The Guyana Mining School and Training Centre’s started its first training session last week and even as stakeholders welcomed the initiative they hoped that the curriculum would feature topics that are relevant to small miners.

The school opened on Thursday with the first batch of 15 students enrolled in courses such as confined space entry (awareness,) transportation of dangerous goods, fall protection and workplace hazardous materials information system, a report from the Government Information Agency (GINA) said.

The programme is being facilitated by trainers from the Canadian College of the North Atlantic.

Minister of Natural Resources and the Environment Robert Persaud formally launched the five-day training session at the Guyana Forestry Commission’s Multi-Complex building in Kingston. Persaud said while the school has started implementing its programme, the next step will be ensuring that it is adequately staffed, develop the curriculum and possible linkages between the school and other existing facilities.

He also said that efforts will be made to improve the quality of the University of Guyana’s mining programme. Persaud noted that though the collaborative training is costly, it is an investment that government is committed to undertaking because of the benefits that would accrue to the natural resources sector.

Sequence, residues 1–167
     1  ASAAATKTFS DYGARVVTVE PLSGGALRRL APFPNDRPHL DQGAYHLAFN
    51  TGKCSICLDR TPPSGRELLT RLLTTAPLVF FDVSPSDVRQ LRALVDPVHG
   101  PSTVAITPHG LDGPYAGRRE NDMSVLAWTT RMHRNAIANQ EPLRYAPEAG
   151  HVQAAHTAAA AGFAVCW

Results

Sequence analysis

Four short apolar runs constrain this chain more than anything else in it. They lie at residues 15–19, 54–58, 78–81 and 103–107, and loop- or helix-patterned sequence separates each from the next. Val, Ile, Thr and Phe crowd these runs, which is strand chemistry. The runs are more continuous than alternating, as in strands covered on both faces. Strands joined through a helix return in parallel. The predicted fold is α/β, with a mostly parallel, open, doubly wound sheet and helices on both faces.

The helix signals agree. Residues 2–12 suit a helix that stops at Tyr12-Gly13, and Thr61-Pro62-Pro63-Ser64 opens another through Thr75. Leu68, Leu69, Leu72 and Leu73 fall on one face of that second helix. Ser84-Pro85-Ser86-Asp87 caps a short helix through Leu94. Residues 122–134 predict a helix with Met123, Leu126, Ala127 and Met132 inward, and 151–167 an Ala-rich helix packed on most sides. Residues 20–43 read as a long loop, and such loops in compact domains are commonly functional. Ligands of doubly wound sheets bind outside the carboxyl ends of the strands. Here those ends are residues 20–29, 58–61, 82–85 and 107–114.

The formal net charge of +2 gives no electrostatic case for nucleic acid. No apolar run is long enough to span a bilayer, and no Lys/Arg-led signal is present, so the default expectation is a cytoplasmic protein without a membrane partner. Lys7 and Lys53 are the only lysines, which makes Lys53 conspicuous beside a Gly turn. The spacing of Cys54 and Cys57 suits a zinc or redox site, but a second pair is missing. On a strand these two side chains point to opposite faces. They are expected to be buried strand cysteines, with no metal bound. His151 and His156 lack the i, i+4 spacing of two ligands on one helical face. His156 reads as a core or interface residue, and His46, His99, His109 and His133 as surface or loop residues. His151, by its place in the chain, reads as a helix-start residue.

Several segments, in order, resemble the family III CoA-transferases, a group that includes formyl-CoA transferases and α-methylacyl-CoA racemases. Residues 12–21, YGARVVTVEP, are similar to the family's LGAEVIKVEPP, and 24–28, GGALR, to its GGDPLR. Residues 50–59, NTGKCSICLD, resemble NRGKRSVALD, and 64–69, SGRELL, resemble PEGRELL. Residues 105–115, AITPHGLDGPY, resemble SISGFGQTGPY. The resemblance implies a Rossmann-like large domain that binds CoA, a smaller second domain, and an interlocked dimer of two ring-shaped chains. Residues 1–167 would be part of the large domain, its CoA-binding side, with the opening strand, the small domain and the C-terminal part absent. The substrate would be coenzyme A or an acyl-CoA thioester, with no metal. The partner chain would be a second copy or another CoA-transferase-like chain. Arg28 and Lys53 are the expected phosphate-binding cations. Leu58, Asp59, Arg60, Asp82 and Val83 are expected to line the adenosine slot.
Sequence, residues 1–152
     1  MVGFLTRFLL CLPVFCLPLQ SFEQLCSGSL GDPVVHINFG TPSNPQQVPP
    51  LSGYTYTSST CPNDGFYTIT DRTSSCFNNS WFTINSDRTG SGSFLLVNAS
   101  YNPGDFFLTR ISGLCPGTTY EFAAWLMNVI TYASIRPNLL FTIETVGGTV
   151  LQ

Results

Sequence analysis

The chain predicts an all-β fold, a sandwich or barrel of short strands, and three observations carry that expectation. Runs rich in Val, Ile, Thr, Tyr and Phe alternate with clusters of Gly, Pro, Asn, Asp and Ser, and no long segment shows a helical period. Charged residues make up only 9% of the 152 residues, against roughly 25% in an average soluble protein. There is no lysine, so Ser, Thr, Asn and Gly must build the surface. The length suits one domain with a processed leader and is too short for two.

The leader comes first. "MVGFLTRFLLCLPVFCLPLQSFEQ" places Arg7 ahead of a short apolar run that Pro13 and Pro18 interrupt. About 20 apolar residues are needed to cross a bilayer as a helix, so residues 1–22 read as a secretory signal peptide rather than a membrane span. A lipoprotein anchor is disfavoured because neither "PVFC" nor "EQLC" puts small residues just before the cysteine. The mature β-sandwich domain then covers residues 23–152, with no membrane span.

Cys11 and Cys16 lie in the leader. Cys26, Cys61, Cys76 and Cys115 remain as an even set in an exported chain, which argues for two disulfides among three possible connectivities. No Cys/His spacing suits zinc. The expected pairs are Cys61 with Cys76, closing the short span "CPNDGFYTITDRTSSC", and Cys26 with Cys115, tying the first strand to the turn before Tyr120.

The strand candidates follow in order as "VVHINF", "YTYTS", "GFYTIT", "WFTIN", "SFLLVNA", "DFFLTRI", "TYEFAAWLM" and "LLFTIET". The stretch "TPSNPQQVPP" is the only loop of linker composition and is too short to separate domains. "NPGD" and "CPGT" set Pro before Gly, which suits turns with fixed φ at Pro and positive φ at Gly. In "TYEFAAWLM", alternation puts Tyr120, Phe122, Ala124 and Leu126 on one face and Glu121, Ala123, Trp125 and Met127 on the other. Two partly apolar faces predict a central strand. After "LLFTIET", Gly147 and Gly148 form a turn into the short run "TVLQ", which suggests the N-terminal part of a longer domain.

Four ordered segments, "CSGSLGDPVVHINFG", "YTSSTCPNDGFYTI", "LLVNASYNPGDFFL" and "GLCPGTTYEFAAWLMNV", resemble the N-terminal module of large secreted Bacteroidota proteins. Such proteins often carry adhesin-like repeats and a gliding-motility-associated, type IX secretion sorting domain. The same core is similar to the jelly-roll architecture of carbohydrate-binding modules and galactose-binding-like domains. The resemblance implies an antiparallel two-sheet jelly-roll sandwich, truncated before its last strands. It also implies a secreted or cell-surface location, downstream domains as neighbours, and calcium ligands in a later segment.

“… It is building the capacity, it is also allowing us, as it were, to catch up with the technological changes, the expansion, but also preparing us for the future,” he said. Persaud also pointed out that the school’s training programmes will ensure Guyana’s preparedness as the sector expands, noting that in its dealing with investors in the oil and gas sector government had stipulated that locals must be involved in these projects. He then expressed gratitude to the Canadian High Commission and the College of the North Atlantic for supporting the programme. He noted that the latter’s experience will add value to the standard of training and ensure that a world class product is delivered.

Commissioner (ag) Guyana Geology and Mines Commission Rickford Vieira said it is expected that the school will help to shape the sector by focusing on the importance of commercial best practices.

“The sector has evolved, and therefore, we must provide competent persons, to rise to the challenges posed by the sector,” he said, adding that the intervention was “well timed.”

Meanwhile, Representative of the Guyana Gold and Diamond Miners’ Association William Woolford said the association welcomed the initiative. He then pointed out that there is a need for training for small and medium scale operators and hoped that the curriculum would feature topics that are relevant to these operators.

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